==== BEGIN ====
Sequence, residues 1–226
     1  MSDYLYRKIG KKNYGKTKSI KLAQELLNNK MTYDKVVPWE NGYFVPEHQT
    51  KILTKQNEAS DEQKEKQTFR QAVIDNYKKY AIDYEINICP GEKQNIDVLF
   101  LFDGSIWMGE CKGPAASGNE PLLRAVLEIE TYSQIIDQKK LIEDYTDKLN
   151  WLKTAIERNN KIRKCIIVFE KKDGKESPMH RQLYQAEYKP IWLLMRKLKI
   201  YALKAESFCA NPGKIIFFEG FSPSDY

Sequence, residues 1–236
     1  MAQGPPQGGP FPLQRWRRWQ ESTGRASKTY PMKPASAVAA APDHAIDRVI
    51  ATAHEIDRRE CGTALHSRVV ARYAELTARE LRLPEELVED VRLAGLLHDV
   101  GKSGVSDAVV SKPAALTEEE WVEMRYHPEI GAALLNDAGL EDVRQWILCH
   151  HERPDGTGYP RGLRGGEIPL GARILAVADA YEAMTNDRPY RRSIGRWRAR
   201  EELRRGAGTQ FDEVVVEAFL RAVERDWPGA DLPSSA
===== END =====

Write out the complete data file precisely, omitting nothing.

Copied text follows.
Sequence, residues 1–226
     1  MSDYLYRKIG KKNYGKTKSI KLAQELLNNK MTYDKVVPWE NGYFVPEHQT
    51  KILTKQNEAS DEQKEKQTFR QAVIDNYKKY AIDYEINICP GEKQNIDVLF
   101  LFDGSIWMGE CKGPAASGNE PLLRAVLEIE TYSQIIDQKK LIEDYTDKLN
   151  WLKTAIERNN KIRKCIIVFE KKDGKESPMH RQLYQAEYKP IWLLMRKLKI
   201  YALKAESFCA NPGKIIFFEG FSPSDY

Sequence, residues 1–236
     1  MAQGPPQGGP FPLQRWRRWQ ESTGRASKTY PMKPASAVAA APDHAIDRVI
    51  ATAHEIDRRE CGTALHSRVV ARYAELTARE LRLPEELVED VRLAGLLHDV
   101  GKSGVSDAVV SKPAALTEEE WVEMRYHPEI GAALLNDAGL EDVRQWILCH
   151  HERPDGTGYP RGLRGGEIPL GARILAVADA YEAMTNDRPY RRSIGRWRAR
   201  EELRRGAGTQ FDEVVVEAFL RAVERDWPGA DLPSSA